by Chris Familton
Messrs Peno and Salmon reconvene for their third record under The Darling Downs moniker and as befits their general proclivity for exploring different musical forms they’ve gone and taken another sonic diversion, this time into 60s-tinged folk. Of course them being them they don’t restrict themselves to just folk. There are strains of gospel and country that weave in and out of focus across the eleven tracks making the album a warm and rewarding listen. There are none of the caustic edges that Kim Salmon brings to some of his music nor Ron Peno’s grand eloquence. Instead they take a song like the Townes Van Zandt invoking Down To The River and frame it with acoustic guitar, banjo and primitive percussion with the vocals flipping from intimate intonation to layered chorus. It’s a simple song but not as simple as it appears. The quality of the album lies in the songwriting and equally the arrangements and subsequent atmosphere that is created. It feels suitably traditional, organic and full of life; even when the duo hit the sad & tearful button on I Don’t Care.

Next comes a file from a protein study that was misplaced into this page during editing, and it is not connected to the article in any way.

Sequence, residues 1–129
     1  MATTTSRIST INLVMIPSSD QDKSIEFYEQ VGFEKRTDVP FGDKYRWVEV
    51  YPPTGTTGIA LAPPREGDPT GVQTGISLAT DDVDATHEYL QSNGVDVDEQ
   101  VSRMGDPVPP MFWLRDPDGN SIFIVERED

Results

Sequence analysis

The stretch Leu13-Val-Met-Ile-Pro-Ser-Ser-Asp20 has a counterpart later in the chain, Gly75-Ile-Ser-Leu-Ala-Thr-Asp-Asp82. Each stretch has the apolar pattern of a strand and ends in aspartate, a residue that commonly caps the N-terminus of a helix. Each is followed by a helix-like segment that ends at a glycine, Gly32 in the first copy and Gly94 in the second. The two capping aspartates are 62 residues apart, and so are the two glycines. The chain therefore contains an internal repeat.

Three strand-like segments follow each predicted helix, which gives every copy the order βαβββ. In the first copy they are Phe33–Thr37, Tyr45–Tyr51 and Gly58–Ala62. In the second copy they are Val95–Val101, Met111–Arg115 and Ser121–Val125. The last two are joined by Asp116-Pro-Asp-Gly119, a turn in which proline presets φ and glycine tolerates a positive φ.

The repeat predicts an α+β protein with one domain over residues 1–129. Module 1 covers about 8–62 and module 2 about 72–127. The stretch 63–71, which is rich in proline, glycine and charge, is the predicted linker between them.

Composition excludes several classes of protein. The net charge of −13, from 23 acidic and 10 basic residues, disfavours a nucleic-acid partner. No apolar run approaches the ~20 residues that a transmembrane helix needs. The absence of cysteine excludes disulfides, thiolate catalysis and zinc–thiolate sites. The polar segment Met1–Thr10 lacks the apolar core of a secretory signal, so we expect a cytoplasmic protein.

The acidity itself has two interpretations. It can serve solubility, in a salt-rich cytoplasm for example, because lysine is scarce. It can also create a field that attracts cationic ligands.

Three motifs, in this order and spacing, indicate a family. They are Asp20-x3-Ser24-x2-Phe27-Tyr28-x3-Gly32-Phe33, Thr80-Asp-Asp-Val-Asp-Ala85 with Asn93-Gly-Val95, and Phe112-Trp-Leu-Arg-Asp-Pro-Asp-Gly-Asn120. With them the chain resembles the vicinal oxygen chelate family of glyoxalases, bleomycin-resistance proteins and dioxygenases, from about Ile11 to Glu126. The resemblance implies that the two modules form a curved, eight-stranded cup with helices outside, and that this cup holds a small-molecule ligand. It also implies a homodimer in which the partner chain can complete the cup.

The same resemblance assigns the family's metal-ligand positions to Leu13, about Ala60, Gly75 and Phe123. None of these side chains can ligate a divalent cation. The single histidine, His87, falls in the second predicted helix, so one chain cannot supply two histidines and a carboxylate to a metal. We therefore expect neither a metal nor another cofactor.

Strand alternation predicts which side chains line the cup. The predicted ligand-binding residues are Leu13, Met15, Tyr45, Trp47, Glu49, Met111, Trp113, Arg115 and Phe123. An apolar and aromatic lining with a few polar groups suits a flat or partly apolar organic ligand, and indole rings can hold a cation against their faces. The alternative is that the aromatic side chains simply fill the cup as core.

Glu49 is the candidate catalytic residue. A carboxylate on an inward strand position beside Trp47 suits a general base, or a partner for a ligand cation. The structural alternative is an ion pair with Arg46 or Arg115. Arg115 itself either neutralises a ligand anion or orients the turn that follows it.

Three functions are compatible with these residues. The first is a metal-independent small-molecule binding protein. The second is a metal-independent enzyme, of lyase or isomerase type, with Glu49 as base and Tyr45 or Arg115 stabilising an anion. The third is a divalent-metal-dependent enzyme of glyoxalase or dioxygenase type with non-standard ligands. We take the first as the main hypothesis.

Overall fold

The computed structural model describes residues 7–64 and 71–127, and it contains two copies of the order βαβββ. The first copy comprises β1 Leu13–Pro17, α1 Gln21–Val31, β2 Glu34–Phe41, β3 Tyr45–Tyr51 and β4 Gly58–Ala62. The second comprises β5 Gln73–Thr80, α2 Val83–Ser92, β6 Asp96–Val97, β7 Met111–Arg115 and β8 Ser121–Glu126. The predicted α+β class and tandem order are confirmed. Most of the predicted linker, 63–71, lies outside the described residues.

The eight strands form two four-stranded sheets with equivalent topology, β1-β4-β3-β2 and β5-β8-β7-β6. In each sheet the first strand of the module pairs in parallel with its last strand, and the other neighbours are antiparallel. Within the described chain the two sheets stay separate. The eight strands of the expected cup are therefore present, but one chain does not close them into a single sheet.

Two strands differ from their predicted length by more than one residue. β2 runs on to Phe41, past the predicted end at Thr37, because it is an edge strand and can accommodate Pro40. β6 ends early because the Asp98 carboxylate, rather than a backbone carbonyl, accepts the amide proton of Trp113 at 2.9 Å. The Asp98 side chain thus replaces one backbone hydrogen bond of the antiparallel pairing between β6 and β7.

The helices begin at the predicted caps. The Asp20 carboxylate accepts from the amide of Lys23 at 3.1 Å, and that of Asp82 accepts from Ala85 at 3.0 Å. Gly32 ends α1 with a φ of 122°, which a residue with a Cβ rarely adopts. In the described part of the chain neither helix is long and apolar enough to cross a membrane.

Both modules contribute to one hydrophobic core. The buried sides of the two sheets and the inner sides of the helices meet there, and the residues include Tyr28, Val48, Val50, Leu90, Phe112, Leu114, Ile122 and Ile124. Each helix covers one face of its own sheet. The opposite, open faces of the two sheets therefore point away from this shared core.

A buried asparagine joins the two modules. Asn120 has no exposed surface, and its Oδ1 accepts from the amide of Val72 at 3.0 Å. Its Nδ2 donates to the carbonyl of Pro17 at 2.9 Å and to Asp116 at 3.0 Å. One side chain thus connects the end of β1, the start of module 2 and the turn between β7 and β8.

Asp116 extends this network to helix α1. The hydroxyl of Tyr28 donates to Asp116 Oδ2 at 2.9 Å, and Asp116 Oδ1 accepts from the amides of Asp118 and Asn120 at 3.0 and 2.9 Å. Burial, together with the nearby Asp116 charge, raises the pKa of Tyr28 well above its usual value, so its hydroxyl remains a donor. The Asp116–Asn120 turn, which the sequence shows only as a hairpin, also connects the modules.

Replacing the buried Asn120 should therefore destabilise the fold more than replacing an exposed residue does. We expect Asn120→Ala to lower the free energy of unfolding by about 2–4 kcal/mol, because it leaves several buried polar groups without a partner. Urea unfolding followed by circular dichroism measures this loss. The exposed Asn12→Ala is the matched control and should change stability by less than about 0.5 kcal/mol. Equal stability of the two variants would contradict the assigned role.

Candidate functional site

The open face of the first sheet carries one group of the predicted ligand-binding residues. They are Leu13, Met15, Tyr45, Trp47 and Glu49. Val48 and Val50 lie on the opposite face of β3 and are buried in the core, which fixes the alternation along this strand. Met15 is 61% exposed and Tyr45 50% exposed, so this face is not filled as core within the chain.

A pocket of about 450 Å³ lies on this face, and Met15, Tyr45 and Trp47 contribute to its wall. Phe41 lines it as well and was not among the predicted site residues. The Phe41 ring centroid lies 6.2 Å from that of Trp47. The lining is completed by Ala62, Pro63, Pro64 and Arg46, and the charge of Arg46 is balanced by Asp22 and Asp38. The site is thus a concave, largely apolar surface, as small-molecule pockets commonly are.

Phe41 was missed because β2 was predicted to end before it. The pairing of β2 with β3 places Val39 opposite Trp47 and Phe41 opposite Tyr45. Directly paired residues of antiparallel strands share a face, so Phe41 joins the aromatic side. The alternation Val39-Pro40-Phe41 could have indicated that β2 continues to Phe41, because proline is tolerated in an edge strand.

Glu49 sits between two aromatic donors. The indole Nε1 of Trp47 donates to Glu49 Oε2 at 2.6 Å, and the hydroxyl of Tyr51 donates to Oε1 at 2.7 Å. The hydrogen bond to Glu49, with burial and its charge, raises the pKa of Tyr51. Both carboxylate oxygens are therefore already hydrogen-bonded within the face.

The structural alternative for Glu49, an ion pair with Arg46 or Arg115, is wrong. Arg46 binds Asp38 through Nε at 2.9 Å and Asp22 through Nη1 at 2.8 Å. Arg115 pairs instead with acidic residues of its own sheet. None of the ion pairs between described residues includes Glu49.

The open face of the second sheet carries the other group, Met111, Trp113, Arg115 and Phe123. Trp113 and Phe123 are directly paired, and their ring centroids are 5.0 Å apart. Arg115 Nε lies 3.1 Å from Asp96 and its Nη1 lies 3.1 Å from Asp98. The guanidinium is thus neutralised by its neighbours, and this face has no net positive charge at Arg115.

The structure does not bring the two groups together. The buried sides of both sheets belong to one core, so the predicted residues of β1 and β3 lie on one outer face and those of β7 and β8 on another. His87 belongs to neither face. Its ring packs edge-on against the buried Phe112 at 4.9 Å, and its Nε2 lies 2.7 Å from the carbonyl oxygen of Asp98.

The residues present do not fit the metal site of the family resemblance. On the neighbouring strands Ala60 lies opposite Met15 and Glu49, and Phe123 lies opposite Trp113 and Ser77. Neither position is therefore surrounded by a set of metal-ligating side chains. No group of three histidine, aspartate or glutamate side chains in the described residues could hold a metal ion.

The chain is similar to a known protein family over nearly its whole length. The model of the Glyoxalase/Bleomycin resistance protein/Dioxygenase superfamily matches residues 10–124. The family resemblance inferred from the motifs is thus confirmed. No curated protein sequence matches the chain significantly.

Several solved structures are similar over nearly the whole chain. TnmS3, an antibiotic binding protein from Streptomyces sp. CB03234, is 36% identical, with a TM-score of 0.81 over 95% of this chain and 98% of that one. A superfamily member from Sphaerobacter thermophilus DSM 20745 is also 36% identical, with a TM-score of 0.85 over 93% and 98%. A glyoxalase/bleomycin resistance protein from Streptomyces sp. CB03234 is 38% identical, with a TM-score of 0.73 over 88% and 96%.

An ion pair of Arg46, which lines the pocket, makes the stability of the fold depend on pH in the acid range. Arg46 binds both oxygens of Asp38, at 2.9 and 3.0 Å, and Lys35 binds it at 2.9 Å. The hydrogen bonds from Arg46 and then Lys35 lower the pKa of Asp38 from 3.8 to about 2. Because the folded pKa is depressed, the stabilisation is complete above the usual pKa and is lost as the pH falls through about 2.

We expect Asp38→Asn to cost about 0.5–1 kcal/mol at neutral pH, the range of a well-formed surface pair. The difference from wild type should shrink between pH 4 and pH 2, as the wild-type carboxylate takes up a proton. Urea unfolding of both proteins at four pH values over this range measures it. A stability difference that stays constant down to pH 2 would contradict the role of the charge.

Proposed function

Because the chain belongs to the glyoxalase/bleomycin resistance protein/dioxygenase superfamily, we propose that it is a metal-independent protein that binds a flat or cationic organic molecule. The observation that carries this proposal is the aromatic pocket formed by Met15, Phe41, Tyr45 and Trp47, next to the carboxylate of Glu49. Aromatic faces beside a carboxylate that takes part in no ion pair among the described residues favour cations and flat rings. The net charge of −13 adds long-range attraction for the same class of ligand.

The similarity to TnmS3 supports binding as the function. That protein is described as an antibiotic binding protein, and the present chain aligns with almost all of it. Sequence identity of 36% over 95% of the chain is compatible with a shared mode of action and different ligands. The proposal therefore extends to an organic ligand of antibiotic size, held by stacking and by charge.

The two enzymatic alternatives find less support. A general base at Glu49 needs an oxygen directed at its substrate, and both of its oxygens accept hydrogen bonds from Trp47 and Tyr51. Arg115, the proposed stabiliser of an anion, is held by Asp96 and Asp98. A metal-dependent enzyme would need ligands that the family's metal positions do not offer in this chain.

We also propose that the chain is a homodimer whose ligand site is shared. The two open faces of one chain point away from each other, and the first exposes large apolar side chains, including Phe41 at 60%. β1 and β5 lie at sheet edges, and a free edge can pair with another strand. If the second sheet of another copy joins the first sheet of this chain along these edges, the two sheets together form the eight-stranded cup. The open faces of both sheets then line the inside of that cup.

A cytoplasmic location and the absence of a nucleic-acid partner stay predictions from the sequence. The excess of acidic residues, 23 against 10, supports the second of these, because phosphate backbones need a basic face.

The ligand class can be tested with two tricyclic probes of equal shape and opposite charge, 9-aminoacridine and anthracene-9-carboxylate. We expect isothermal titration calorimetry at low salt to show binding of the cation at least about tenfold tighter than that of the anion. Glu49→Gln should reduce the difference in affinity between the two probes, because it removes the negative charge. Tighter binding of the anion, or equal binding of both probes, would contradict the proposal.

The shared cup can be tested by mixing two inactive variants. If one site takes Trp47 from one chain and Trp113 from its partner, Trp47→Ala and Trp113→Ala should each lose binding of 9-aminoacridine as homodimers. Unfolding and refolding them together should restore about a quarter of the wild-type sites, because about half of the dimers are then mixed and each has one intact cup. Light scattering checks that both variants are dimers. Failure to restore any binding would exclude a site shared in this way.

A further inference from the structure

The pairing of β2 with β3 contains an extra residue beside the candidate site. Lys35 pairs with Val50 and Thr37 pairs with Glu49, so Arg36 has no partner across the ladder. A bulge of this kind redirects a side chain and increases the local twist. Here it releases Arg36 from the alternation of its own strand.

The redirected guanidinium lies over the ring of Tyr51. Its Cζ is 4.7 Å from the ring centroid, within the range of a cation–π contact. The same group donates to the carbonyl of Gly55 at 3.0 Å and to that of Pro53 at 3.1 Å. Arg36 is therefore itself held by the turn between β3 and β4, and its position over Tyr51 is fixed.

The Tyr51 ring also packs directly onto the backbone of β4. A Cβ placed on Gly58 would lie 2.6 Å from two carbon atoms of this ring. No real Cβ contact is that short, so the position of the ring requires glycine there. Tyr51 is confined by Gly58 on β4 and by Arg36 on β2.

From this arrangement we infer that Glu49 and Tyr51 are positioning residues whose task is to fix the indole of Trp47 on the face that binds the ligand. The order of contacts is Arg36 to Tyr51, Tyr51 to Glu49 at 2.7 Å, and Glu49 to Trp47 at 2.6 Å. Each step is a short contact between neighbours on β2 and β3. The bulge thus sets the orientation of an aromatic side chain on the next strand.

this review was first published in VICE